Probably very very basic questions

RhodesRhodes Posts: 1,584Member
This are probably very very basic questions, and I am probably missing something obvious. But:

1. What is a string winder for? Why not just turn the machine head in the usual way when changing strings?

2. The action on my acoustic guitar is very high and it's difficult to barre the strings (as I have mentioned in another thread). I think I need to change the strings, as the current ones are green and clogged up with dead skin. If I get a lighter gauge of string, will that make them easier to press down? I gather I might lose a bit of the tone and resonanance usually associated with an old and cheap Yamaha FG guitar!

Comments

  • SwoopSwoop Posts: 680Member
    Using a lighter gauge of strings may help to make your guitar easier on the hands. You should be okay if you go down by one guage without having to have the truss rod readjusted. Alternatively you could have the action lowered by a guitar tech. This doesn't cost much. I think I paid around £20 to get the action raised (ouch! I like pain) on one of my guitars so it should be similar the other way around.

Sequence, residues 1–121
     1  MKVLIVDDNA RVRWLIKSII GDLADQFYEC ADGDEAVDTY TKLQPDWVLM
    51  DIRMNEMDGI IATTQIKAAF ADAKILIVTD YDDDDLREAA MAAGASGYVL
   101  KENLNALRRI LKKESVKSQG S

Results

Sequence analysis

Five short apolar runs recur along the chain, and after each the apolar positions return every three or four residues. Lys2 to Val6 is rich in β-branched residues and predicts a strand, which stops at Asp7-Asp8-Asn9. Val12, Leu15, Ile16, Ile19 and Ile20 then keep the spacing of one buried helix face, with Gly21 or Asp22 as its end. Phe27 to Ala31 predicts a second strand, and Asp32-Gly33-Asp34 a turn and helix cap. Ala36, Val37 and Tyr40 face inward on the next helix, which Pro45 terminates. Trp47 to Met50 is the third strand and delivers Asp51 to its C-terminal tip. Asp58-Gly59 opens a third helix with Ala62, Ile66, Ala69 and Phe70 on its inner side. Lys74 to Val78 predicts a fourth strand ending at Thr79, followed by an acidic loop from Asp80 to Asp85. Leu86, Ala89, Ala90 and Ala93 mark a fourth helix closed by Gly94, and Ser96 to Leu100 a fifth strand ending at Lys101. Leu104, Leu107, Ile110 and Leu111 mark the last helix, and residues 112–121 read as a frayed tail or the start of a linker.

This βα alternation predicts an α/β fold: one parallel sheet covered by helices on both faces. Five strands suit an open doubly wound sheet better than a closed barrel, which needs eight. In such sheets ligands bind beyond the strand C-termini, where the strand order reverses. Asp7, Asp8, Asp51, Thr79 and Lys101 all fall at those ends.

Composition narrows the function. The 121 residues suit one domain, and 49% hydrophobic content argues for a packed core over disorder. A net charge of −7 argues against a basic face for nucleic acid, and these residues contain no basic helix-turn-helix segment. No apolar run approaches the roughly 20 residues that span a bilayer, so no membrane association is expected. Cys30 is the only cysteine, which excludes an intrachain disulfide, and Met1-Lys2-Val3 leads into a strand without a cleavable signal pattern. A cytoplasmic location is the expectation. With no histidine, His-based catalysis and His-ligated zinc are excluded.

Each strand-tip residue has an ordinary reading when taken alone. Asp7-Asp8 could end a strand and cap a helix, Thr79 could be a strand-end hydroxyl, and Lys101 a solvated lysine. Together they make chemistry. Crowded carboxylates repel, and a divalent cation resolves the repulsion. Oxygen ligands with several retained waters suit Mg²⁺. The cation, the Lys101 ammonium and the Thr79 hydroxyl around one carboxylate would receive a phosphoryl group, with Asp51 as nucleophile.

\:\)
  • SwoopSwoop Posts: 680Member
    Oh and the string winder. I have one but I don't use it. It's supposed to make it easier on the hands winding and unwinding strings but it just gets in my way!

    \:\)
  • Options
     Quote:
    Originally posted by Rhodes:
    1. What is a string winder for? Why not just turn the machine head in the usual way when changing strings?


    When you've attached a new string, it takes a hell of a lot of turns of the button thingummy (forget the proper name this early in the morning :rolleyes: ) to actually get the string properly wound onto the machinehead and up to pitch. Many people find that this constant turning can really hurt the wrist. A string winder makes the radius of the turn a lot bigger, and so reduces the stress on the wrist because you can then actually crank the thing with your arm, rather than just your wrist.